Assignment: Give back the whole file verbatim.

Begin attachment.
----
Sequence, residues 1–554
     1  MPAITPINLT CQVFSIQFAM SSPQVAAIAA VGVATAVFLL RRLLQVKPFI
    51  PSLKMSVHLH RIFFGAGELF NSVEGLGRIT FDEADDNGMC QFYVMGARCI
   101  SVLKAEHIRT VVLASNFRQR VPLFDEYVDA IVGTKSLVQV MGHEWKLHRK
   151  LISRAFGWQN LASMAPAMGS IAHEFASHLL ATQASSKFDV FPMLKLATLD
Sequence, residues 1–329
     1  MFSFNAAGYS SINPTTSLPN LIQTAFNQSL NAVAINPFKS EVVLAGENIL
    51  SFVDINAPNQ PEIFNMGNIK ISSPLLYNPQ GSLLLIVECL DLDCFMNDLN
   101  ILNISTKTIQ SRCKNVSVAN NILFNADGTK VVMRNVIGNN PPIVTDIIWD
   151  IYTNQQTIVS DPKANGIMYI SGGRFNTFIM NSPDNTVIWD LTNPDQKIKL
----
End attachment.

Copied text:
Sequence, residues 1–554
     1  MPAITPINLT CQVFSIQFAM SSPQVAAIAA VGVATAVFLL RRLLQVKPFI
    51  PSLKMSVHLH RIFFGAGELF NSVEGLGRIT FDEADDNGMC QFYVMGARCI
   101  SVLKAEHIRT VVLASNFRQR VPLFDEYVDA IVGTKSLVQV MGHEWKLHRK
   151  LISRAFGWQN LASMAPAMGS IAHEFASHLL ATQASSKFDV FPMLKLATLD
Sequence, residues 1–329
     1  MFSFNAAGYS SINPTTSLPN LIQTAFNQSL NAVAINPFKS EVVLAGENIL
    51  SFVDINAPNQ PEIFNMGNIK ISSPLLYNPQ GSLLLIVECL DLDCFMNDLN
   101  ILNISTKTIQ SRCKNVSVAN NILFNADGTK VVMRNVIGNN PPIVTDIIWD
   151  IYTNQQTIVS DPKANGIMYI SGGRFNTFIM NSPDNTVIWD LTNPDQKIKL